Is Youdao the Best Buy in China's Competitive Online Education Space?

Amid fierce competition, Youdao focuses on quality, innovation, and technology.
Feb. 24, 2021 21:00
Is Youdao the Best Buy in China's Competitive Online Education Space?

The year 2020 was breakthrough for online education in China as Covid-19 shattered conventional schooling. Classes moved from in-person to online—and many stocks in the sector saw appreciation.

Education has been one of China's fastest-growing industries, boosted by wild fundraisings, rising household income and government incentives. Above all, parents in China have traditionally been eager to spend on their children's studies thanks to the belief that education is one of the most life-changing factors, helping a family rise to a higher social status. Scoring high on Gaokao, the college entrance exams, is the key milestone for many teens on a path to a successful career. For this purpose, parents have been willing to pay for afterschool tutoring and additional test preparation courses.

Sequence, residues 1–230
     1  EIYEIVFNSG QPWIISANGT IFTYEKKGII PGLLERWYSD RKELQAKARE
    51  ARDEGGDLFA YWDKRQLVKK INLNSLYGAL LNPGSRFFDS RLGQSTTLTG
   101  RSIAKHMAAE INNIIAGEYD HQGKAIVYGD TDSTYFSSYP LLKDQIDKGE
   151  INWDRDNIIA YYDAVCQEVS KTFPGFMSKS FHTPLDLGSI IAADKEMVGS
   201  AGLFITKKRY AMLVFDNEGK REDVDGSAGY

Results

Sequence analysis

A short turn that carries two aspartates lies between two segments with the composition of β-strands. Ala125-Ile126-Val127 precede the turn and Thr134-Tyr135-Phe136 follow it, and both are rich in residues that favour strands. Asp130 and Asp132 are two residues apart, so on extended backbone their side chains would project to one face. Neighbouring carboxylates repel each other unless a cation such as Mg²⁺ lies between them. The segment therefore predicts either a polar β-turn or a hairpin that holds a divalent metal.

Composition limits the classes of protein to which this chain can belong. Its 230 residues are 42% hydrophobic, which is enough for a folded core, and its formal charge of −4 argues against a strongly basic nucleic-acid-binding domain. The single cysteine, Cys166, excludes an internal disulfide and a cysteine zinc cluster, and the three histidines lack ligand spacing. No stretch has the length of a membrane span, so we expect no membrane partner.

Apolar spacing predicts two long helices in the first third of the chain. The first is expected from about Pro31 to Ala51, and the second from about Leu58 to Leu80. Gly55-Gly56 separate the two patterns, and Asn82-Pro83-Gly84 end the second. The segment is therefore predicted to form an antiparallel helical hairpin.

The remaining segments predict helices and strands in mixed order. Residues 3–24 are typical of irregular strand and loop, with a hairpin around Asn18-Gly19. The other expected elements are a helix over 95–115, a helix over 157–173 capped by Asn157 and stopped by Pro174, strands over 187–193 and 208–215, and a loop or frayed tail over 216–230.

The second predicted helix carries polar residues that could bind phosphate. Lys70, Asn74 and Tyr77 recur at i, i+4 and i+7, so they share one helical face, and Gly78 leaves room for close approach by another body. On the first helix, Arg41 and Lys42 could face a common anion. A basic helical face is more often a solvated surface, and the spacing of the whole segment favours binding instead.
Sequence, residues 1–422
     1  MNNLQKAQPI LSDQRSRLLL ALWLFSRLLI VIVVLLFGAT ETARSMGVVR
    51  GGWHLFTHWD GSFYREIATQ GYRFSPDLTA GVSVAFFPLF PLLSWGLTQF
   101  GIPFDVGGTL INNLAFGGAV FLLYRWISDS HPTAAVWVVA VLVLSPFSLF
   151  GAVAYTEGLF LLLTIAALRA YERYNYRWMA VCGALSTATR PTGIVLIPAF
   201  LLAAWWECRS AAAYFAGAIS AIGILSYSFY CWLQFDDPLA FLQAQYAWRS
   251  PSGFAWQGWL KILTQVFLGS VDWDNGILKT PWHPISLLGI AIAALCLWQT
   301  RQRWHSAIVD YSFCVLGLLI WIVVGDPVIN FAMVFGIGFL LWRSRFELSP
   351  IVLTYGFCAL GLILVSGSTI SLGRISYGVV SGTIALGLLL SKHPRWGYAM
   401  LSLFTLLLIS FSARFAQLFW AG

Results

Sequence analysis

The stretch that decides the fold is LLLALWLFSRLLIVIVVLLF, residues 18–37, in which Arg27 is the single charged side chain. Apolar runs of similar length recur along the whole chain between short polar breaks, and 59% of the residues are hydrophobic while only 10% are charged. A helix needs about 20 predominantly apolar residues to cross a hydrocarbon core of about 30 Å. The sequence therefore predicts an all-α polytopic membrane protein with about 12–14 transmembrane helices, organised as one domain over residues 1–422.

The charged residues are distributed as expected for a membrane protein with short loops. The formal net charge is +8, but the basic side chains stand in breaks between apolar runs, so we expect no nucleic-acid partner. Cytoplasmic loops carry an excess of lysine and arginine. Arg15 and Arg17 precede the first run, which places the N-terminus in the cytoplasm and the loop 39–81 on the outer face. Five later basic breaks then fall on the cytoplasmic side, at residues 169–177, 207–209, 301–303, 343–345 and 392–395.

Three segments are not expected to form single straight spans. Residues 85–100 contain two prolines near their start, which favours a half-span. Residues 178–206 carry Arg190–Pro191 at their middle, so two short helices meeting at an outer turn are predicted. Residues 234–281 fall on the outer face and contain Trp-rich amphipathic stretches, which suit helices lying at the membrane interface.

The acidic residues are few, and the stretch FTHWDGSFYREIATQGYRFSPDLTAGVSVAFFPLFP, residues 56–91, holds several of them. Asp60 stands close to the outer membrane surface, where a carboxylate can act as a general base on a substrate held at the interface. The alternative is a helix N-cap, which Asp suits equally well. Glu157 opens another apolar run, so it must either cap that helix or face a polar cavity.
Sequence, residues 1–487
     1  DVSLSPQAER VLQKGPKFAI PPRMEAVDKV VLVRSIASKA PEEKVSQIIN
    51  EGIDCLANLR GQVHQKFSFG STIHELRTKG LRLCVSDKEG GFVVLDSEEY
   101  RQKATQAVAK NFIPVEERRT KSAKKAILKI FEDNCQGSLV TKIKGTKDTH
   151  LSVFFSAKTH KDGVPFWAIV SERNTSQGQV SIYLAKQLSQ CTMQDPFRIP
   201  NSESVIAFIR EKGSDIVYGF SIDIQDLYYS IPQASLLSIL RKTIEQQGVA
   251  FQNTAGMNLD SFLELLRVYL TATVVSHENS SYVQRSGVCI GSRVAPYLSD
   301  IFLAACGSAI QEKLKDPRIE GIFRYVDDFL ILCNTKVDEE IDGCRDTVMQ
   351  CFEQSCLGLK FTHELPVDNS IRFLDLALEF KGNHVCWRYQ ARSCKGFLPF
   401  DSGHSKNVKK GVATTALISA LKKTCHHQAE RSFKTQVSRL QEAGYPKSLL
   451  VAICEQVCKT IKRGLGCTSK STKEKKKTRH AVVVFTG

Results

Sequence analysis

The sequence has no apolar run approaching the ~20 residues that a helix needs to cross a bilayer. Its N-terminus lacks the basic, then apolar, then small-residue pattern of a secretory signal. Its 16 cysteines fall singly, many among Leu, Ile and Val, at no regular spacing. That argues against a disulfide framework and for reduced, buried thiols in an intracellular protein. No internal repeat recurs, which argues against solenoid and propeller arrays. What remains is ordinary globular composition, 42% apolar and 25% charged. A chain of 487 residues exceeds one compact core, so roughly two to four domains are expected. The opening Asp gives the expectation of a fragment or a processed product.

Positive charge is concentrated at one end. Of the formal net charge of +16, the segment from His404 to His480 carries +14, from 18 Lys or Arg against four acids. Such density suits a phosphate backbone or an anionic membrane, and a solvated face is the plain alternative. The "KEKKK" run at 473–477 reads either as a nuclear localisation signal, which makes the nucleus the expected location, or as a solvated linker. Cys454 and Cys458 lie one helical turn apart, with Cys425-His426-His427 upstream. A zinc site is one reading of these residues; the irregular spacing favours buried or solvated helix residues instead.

In 2020, the crowded education space has lured even more newcomers, intensifying competition. Now, as China recovers from the pandemic and reopens its economy and its schools, where is the online education sector heading?

The Lunar New Year holidays are now over and the earnings season is in full swing. As we await the financial reports for the year-end quarter of e-learning companies Youdao Inc. (NYSE: DAO), iHuman Inc. (NYSE: IH), GSX Techedu Inc. (NYSE: GSX), and others, let's weigh the opportunities in this fast-growing sector.